These people are the hardest people to reach. They are the people who live under bridges, in the woods, on the streets and in shelters. I want to help them get back their self respect and help them move forward in some ways. Maybe of they saw that the American people were helping more people in America they might think about moving forward. Maybe with more positive thinking, they can help themselves turn around. Well I believe in them and I know they can get their self respect back. But all I can offer right now is a saying I read in a book which has helped me every day.
Happiness will elude you
Until you convince yourself
You deserve it.
Everyone deserves happiness; please believe in yourself, so life will be a little better.
Try to come and see what we trying to do for the homeless population. We are not the system, we are like you. We have lived or are living in shelters, so we know what you might be feeling. Just take a walk down to 21 Charter Oak Ave, Hartford, CT 06106 and join the Beat of the Street advocates every Tuesday and Thursday at 2:30PM.
Maybe you can collect some of our newsletters to then sell on the street – the $1 you earn for selling Beat of the Street is yours to keep.
There is a wooden house painted yellow and green on Main Street in Hartford. It is the Butler-McCook House. It has been a museum for some time now. I have often walked by the house thinking I should tour it. It turns out this Hartford minister was keenly interested in homelessness. The museum holds a whole collection of this work called the “Social Reform Papers”.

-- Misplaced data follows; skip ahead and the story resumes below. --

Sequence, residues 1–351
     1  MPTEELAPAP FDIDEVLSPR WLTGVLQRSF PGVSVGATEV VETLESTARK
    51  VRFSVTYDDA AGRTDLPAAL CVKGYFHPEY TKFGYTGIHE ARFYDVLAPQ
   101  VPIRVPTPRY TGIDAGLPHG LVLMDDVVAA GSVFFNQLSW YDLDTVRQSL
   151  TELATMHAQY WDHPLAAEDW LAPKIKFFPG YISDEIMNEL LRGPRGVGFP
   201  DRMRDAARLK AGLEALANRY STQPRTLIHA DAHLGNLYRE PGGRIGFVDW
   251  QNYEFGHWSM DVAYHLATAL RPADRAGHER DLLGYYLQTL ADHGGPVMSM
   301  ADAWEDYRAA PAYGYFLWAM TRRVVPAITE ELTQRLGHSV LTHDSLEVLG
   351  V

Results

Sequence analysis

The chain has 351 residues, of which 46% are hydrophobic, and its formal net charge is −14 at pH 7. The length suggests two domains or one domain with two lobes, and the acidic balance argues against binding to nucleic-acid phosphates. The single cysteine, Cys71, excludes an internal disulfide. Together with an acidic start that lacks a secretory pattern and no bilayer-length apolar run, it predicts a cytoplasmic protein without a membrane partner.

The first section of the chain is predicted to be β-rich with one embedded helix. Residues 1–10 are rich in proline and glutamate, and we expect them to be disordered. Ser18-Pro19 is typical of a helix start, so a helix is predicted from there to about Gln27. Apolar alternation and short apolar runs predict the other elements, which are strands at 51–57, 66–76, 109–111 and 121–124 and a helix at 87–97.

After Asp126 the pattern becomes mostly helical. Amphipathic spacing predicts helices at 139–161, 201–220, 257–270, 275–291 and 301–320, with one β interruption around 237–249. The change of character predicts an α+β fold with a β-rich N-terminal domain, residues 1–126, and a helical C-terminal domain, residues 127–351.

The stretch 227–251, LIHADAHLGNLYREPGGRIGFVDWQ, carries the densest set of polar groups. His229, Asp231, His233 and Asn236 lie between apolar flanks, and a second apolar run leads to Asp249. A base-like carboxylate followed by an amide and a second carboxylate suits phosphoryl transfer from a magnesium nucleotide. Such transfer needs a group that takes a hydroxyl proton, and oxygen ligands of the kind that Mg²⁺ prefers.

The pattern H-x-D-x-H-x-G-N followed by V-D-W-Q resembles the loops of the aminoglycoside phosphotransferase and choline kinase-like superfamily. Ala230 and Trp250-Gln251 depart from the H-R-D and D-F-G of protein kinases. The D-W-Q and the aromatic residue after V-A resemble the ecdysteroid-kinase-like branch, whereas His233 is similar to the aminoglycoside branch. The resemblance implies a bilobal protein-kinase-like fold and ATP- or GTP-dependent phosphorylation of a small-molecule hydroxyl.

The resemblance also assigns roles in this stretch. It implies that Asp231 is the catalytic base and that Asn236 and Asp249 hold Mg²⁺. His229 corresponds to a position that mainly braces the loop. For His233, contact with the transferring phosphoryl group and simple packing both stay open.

McCook became interested in homelessness when he attended a town meeting in October 1890 and found that too much was being spent on “outdoor alms.” They lowered the amount spent on “outdoor alms” and then called a committee to examine the system of alms. McCook and his committee members exam-ined programs of distributing money to the homeless in 38 cities around the world and 300 industrial cases in the US. McCook was charged with membership of the committee to change state laws that would solve issues with vagrants, chronic criminals, and other de-pendents.
He created forms to fill out for each homeless person he came by. His records are extensive. Also included in his records are documents indicating that alcoholism was almost universal among homeless men. He also kept correspondence between him and a vaga-bond named William Aspinwall. He also found that votes were sometimes purchased from homeless men in exchange for beer or money.
He created forms to fill out for each homeless per-son he came by. His records are extensive. Also in-cluded in his records are documents indicating that alcoholism was almost universal among homeless men. He also kept correspondence between him and a vagabond named William Aspinwall. He also found that votes were sometimes purchased from home-less men in exchange for beer or money. Many of the same struggles found in the homeless community at the beginning of the last century are still problems today. The McCook collection is worth checking out. It is housed at 396 Main Street in Hartford. The museum hours are:
April: Saturday & Sunday 11 am – 4 pm
May – September: Thursday, Friday, Saturday & Sunday 11 am – 4 pm